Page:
Waatea News Update

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Location: Auckland, New Zealand

Wednesday, August 25, 2010

$250,000 to investigate toxic sea slugs

The Hauraki Maori Trust Board says its involvement in an investigation of toxic sea slugs is part of its kaitiaki or guardianship duty.

Nga Pae o te Maramatanga, the Maori centre for research excellence, is putting up $250,000 for the board to work with the Nelson-based Cawthron Institute into how the slugs have started storing tetrodoxin poison.

Policy manager Liane Ngamane says the iwi was made aware of the problem by the mysterious deaths of at least two dogs on Auckland beaches last summer.

“It caused us to ask some questions about it. Does this toxin only sit in sea slugs? Could it get into some kai that our people collect and the general community collects? So it just raised a whole lot of issues and as kaitiaki we felt and obligation to follow through on it,” Ms Ngamane says.

Hauraki will make the community is aware of any dangers it uncovers through the research.


A member of Pharmac's Consumer Advisory Committee says she is looking forward to bringing a Maori perspective to the government drug funder.

Moana Papa from Te Arawa is one of four new Maori members on the nine-member committee.

The south Auckland woman says a bout of rheumatic fever at age 10, which gave her heart problems, and a brush with breast cancer five years ago at age 32 has given her a deep respect for the value of medicines in maintaining health.

She has been an advocate at local level for access to medicine.

“I started up a breast cancer support group for wahine in south Auckland that had come through. We talk about medicines and different treatments so it kind of all happened through osmosis and just meeting with people and talking about just rongoa and all the different ways of improving your health with regards to accessing the medicines,” Mrs Papa says.

Other Maori appointed to the Consumer Advisory Committee include Maori Women's Welfare League life member Barbara Greer from Hokitika, tobacco control advocate Shane Bradbrook of Wellington and Te Arawa Health Board member Katerina Pihera of Rotorua.


Jimmy Cowan and Piri Weepu may be a potent combination sharing the All Blacks halfback slot, but commentator Ken Laban predicts the Whakatohea-Ngai Tahu number 9 will be first pick behind the scrum come next year's World Cup.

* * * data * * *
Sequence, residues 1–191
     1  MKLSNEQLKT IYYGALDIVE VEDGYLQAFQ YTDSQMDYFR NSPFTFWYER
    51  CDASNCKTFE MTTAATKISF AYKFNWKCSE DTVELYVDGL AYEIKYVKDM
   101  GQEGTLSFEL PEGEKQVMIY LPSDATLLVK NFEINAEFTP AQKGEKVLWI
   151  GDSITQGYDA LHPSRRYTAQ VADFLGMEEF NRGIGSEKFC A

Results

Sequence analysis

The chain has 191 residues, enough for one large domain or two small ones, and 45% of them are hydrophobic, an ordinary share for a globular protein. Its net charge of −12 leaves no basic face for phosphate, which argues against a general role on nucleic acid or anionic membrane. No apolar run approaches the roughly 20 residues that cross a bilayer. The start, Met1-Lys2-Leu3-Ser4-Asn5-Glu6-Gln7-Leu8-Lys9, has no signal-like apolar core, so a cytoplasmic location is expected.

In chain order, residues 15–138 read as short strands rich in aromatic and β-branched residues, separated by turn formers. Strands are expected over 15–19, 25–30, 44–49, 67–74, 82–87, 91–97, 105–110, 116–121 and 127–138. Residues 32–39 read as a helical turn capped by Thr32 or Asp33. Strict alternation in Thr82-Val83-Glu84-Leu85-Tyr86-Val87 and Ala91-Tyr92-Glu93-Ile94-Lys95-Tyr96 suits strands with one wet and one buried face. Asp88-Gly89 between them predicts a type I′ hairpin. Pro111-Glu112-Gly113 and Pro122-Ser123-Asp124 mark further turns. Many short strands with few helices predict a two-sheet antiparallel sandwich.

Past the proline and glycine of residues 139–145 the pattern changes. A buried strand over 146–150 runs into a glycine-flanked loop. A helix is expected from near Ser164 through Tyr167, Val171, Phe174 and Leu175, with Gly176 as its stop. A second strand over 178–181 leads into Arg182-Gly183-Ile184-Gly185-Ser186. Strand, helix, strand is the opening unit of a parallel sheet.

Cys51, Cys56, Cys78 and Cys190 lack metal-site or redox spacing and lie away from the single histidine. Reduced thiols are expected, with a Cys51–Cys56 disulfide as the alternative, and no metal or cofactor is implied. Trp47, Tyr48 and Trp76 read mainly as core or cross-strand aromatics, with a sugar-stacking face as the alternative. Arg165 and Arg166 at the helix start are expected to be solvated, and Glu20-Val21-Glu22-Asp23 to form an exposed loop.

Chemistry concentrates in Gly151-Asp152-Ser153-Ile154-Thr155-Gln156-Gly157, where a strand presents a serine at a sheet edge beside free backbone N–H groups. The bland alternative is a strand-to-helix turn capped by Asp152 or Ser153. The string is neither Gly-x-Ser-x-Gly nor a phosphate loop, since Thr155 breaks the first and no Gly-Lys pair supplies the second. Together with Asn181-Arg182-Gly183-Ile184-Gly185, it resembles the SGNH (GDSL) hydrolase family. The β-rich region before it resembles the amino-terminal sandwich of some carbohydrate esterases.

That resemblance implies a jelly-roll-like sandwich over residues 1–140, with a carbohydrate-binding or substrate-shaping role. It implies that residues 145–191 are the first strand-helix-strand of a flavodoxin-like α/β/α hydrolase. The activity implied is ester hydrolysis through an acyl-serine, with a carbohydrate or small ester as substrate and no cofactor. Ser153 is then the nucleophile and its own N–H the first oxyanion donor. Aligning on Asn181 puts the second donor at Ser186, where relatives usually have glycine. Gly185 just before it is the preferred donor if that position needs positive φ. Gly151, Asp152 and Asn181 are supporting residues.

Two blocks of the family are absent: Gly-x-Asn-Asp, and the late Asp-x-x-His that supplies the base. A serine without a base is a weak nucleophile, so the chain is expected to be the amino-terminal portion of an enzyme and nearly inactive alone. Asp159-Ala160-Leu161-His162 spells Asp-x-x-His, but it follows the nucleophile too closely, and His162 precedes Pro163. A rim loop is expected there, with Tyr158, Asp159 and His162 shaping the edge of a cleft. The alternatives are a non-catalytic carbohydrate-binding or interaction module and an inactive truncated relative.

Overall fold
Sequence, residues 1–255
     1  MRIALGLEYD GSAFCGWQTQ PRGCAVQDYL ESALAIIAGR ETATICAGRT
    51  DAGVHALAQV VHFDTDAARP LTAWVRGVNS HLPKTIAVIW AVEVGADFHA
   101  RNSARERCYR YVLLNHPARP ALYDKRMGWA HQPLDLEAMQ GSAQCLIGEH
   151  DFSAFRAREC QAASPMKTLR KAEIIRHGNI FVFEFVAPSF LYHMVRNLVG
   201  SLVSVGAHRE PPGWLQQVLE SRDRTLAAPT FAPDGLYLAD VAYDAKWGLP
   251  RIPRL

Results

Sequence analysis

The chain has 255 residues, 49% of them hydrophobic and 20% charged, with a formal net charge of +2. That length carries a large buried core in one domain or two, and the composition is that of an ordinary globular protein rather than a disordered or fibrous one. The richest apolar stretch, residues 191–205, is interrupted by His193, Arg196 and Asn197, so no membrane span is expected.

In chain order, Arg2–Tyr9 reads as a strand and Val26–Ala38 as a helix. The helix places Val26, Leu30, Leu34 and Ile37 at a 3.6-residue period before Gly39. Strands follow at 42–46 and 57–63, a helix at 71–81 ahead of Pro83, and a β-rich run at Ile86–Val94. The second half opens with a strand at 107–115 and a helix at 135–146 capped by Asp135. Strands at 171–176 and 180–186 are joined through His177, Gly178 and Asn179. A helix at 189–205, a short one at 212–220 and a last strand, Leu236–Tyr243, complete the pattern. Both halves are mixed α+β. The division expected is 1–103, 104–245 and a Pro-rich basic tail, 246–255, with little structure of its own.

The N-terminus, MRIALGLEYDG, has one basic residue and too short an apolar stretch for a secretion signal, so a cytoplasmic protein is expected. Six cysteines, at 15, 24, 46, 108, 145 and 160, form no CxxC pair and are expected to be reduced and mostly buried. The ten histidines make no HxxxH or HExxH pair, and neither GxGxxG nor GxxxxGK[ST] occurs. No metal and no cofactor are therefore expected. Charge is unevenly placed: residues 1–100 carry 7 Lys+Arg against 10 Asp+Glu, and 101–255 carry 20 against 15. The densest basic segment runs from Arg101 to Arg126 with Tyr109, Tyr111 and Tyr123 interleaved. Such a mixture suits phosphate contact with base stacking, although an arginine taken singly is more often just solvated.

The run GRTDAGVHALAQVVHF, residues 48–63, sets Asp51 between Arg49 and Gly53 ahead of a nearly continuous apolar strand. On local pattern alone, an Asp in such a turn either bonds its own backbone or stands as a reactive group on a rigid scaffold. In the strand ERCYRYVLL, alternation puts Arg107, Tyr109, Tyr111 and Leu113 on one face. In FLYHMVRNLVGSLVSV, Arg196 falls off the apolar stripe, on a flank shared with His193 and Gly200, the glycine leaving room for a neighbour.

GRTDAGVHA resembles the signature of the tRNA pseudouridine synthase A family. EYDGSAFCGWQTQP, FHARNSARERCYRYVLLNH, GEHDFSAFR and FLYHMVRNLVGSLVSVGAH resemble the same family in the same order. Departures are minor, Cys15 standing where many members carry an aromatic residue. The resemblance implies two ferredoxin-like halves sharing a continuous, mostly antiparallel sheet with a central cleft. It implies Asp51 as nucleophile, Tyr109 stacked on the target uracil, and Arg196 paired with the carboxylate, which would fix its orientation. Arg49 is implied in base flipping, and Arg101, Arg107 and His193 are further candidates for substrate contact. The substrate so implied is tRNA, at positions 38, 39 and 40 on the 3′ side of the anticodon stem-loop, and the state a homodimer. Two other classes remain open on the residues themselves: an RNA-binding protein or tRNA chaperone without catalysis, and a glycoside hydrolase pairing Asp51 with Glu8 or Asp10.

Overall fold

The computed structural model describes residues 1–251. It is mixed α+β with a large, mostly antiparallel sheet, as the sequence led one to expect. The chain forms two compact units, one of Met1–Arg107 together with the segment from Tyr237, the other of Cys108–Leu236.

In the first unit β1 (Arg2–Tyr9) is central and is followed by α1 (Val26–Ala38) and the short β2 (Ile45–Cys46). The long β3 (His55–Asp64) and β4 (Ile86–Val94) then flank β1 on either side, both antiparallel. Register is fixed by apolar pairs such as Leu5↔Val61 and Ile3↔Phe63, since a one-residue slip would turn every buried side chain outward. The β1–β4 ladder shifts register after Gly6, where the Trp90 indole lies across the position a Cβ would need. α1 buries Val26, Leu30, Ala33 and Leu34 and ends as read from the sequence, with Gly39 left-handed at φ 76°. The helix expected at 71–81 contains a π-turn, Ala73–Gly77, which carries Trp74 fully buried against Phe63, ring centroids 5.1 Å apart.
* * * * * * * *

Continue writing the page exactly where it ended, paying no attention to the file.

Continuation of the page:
He says for now the selectors have the luxury of two distinct styles to send out onto the field.

"They favour Piri over Jimmy when it comes to ball playing and coming to the creating things in the game but when it comes to the early exchanges in the game. They see one as the athlete and the other as the footballer. They use the athlete to start the game and the footballer to finish it,” Mr Laban says.


Ngati Whatua chair Naida Glavish says the Social Development Minister's offer to give iwi more responsibility for looking after Maori children is an overdue reversal of policy.

Paula Bennett told an Iwi Leaders' Forum last week that there are 2227 Maori children in the care of Child, Youth and Family, and the iwi affiliations of most of them are known.

She wants to see those children with families, and iwi want them within whanau in their own hapu and iwi.

Ms Glavish says the minister seems to be reviving an initiative scrapped by a previous National government in the early 1990s.

“They did away with Maatua Whangai, who were successfully returning children back to their whanau who were in the marae, into the hapuu. We’re prepared to do tht and I’m prepared to work alongside of her to support iwi in the Taitokerau to work out how we can do it safely for those back home and for our mokopuna, for the children,” Ms Glavish says.

She wasn't impressed by Ms Bennett's suggestion that iwi should fund the scheme themselves.


Auckland super city mayoral candidate Len Brown is taking the race relations' commissioner's views on Maori representation to heart.

Joris de Bres told a Human Rights Commission diversity forum in Christchurch this week that he was concerned that only one local authority, Environment Bay of Plenty, had created Maori seats in the 10 years that councils have had to power to do so.

He recommended that the new Auckland council establish Maori seats as soon as possible, subject to endorsement by Auckland iwi.

Mr Brown says he wants to see Ngati Whatua, Tainui and Hauraki representatives around the table.

“Remember it’s only one vote around that table but I’ll be a strong one, that if we had appropriate designated representation for Maori, in the first instance I guess mana whenua and that’s been a pretty important debate, then that’s nothing to be afraid of. I think that will add value,” Mr Brown says.

He says not only do Maori play a strong cultural role in the city, they are increasingly a major economic force.


A Far North iwi has refused to allow autopsies on pilot whales which stranded on Karikari peninsula at the weekend.

Alan Hetaraka, the kaumatua for Te Whanau Moana and Te Rorohuri hapu, says scientists can take DNA from the whales, but the hapu did not want the mammals butchered.

“Out of respect to our whanau tohora we should intern them without any further disruption to them and treat them like our whanau, as of course they are, so we disallowed any dismembering of the animals,” Mr Hetaraka says.

The former marine biologist says it was a sad occasion for the iwi members present, but the scientists just seemed to be intent on getting their samples.


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